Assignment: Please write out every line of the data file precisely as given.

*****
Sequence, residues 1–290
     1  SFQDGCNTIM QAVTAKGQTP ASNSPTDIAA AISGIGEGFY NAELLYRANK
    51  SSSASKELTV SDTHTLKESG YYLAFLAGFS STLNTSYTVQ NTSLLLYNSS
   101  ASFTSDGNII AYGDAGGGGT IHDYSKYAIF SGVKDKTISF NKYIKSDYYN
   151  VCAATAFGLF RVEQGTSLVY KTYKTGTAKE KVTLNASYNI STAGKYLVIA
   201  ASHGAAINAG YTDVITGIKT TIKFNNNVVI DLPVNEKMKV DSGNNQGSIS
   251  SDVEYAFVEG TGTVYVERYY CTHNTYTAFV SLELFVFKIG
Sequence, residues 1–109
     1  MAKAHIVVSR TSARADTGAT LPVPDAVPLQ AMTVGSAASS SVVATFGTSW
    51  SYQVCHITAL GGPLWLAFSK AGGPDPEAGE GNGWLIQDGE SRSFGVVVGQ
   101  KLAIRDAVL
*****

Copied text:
Sequence, residues 1–290
     1  SFQDGCNTIM QAVTAKGQTP ASNSPTDIAA AISGIGEGFY NAELLYRANK
    51  SSSASKELTV SDTHTLKESG YYLAFLAGFS STLNTSYTVQ NTSLLLYNSS
   101  ASFTSDGNII AYGDAGGGGT IHDYSKYAIF SGVKDKTISF NKYIKSDYYN
   151  VCAATAFGLF RVEQGTSLVY KTYKTGTAKE KVTLNASYNI STAGKYLVIA
   201  ASHGAAINAG YTDVITGIKT TIKFNNNVVI DLPVNEKMKV DSGNNQGSIS
   251  SDVEYAFVEG TGTVYVERYY CTHNTYTAFV SLELFVFKIG
Sequence, residues 1–109
     1  MAKAHIVVSR TSARADTGAT LPVPDAVPLQ AMTVGSAASS SVVATFGTSW
    51  SYQVCHITAL GGPLWLAFSK AGGPDPEAGE GNGWLIQDGE SRSFGVVVGQ
   101  KLAIRDAVL